Toyota Earnings at Stake as Camry Loses Drivers to Sonata: Cars

Toyota Motor Corp., to make its earnings target this year, needs the new Camry to wrest back market share from Hyundai Motor Co. (005380)’s Sonata sedan.

The Camry, the best-selling car in the U.S., has lost ground to the Sonata, with Seoul-based Hyundai raising its U.S. output and surpassing the Camry in May for the first time.

“Sonata became a very honorable contender in the market,” said Yoshimi Inaba, Toyota’s North American chairman, in a July 12 interview. “We do have good respect for the model, and the sales figures show it’s increasing quite a bit.”

U.S. sales of Camry last year dropped 31 percent to 327,804 compared with deliveries in 2007, Toyota’s best-ever year, while Honda Motor Corp.’s Accord sales also dropped 28 percent to 282,530 in the period, as both models approached the end of their product cycles. Sales of the Sonata, revamped in January 2010, surged 35 percent to 196,623.

The 2011 Sonata’s overall design quality is rated “among the best” by J.D. Power & Associates and earned a “Top Safety Pick” award from the Insurance Institute for Highway Safety.

‘Paying Attention’

Until a few years ago, Toyota’s Camry and Honda’s Accord “defined” the midsize segment in the U.S. for at least a decade, said Jeremy Anwyl, chief executive officer of auto researcher Edmunds.com in Santa Monica, California. “But Hyundai has really stepped up their game, and Toyota’s been paying attention.”

Photographer: Tomohiro Ohsumi/Bloomberg

A worker drives a Toyota Motor Corp. vehicle bound for export in a lot at the port of Sendai, Japan, on Thursday, July 14, 2011. Close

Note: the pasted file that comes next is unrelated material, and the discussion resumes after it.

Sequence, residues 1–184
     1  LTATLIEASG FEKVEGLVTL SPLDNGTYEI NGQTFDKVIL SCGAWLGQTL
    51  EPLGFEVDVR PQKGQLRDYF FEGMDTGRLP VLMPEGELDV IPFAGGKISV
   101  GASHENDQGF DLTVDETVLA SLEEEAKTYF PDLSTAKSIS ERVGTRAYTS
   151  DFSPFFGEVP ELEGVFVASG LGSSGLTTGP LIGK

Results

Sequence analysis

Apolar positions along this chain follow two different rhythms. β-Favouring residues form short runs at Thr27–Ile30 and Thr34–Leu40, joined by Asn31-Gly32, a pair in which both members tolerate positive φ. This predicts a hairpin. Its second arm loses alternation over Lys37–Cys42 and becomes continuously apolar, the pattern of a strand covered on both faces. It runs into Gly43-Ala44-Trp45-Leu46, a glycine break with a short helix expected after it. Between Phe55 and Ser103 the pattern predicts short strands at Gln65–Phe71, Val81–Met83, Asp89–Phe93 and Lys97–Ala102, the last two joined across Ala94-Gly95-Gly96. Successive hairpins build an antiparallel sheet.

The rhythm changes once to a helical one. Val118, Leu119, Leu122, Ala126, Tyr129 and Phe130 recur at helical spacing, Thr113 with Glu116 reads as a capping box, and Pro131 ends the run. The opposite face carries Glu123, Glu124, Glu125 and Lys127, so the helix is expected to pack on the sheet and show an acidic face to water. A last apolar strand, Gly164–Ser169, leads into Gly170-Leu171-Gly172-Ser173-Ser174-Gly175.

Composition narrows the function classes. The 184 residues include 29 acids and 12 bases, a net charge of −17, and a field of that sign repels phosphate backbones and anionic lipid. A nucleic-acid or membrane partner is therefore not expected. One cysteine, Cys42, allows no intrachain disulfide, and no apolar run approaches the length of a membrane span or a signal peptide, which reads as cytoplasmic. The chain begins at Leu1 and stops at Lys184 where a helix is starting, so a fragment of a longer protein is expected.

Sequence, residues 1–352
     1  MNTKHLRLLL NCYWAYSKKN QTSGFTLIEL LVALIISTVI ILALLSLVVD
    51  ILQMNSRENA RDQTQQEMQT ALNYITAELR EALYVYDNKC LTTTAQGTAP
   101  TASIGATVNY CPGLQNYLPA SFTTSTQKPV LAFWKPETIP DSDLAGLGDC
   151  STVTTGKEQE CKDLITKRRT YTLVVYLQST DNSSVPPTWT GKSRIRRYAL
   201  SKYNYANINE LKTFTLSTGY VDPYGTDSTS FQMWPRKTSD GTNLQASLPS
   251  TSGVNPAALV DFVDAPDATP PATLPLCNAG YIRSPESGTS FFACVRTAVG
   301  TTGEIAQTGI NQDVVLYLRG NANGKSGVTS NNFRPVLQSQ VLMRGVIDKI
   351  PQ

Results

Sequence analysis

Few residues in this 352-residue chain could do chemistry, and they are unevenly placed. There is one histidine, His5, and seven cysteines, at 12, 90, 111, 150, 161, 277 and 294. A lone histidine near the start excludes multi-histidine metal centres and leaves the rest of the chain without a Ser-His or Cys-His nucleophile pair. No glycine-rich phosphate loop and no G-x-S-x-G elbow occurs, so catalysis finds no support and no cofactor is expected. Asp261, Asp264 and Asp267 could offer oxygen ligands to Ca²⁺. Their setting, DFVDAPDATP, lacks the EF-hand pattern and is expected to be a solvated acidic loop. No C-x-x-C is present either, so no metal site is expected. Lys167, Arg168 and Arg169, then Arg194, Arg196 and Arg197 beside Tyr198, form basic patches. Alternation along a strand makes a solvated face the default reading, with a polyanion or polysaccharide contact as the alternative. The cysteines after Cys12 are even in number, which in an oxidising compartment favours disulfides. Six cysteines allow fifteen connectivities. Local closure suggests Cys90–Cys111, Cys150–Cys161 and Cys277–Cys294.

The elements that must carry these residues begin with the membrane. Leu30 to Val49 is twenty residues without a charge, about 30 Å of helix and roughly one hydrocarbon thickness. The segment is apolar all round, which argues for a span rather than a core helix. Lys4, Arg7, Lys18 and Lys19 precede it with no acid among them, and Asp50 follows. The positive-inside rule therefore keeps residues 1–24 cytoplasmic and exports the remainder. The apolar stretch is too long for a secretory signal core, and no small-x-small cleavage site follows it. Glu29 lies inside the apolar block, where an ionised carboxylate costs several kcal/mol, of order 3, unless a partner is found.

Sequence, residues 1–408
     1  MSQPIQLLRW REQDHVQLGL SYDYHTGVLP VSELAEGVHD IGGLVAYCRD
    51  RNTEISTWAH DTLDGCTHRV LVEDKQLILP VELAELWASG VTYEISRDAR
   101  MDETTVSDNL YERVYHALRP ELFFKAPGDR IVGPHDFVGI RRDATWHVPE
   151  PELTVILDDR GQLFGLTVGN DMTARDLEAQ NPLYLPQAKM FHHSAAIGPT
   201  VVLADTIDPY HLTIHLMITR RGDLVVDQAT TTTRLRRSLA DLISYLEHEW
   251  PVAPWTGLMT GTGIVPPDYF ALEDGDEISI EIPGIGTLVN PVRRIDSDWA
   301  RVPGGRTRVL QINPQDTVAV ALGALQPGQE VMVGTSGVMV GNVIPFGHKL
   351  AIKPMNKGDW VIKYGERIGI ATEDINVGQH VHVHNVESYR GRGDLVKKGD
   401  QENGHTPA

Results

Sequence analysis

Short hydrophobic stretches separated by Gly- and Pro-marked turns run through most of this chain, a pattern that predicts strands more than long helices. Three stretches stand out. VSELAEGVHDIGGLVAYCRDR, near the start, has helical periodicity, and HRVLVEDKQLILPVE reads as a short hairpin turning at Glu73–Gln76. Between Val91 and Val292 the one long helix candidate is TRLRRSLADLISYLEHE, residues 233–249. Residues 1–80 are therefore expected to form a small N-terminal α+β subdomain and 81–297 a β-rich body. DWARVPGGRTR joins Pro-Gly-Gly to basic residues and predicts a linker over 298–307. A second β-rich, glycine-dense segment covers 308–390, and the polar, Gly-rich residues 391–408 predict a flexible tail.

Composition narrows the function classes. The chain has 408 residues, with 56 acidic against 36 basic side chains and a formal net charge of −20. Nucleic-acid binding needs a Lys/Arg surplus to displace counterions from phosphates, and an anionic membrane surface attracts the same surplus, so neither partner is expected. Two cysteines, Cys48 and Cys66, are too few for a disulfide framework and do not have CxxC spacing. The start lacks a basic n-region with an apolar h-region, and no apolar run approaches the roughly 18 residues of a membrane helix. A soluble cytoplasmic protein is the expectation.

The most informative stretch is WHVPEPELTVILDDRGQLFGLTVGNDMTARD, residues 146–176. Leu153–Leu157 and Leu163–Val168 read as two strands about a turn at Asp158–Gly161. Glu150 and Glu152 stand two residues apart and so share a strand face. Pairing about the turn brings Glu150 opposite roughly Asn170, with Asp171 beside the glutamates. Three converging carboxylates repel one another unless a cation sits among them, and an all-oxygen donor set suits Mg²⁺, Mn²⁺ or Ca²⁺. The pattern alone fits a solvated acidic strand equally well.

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Photographer: Tomohiro Ohsumi/Bloomberg

A worker drives a Toyota Motor Corp. vehicle bound for export in a lot at the port of Sendai, Japan, on Thursday, July 14, 2011.

The next version of the Camry will have a more contemporary design and improved performance and handling, President Akio Toyoda told U.S. dealers on June 29 in Las Vegas. The new model will go on sale in the latter part of the year.

Toyota’s current Camry, last refreshed in March 2006, gets up to 32 miles per gallon in highway driving in the U.S., compared with the Sonata’s 35 mpg and Honda’s 34 mpg. With Hyundai’s improvements in design and fuel efficiency, sales of the Sonata have jumped 29 percent to 115,014 units this year through June, while the Camry has dropped 4.4 percent to 147,469 in the U.S. Restricted production after the March 11 earthquake in Japan has also contributed to the decline.

Camry vs Sonata

Hyundai didn’t have to slow production after the quake as its Japan-based suppliers’ plants aren’t located in the affected areas, according to the company. As a result, Sonata outsold Camry in May for the first time, according to Edmunds.com.

While both the Sonata and Camry sold in the U.S. are built locally, the weak Korean currency relative to the dollar benefits Hyundai when it repatriates profit. The yen, on the other hand, has hurt Toyota by gaining about 10 percent over the past year. The Japanese currency on July 13 climbed to as high as 78.50 yen per dollar, the strongest since March 17.

The 2011 Camry is currently priced from $20,195, compared with the Sonata’s $19,395 starting price tag.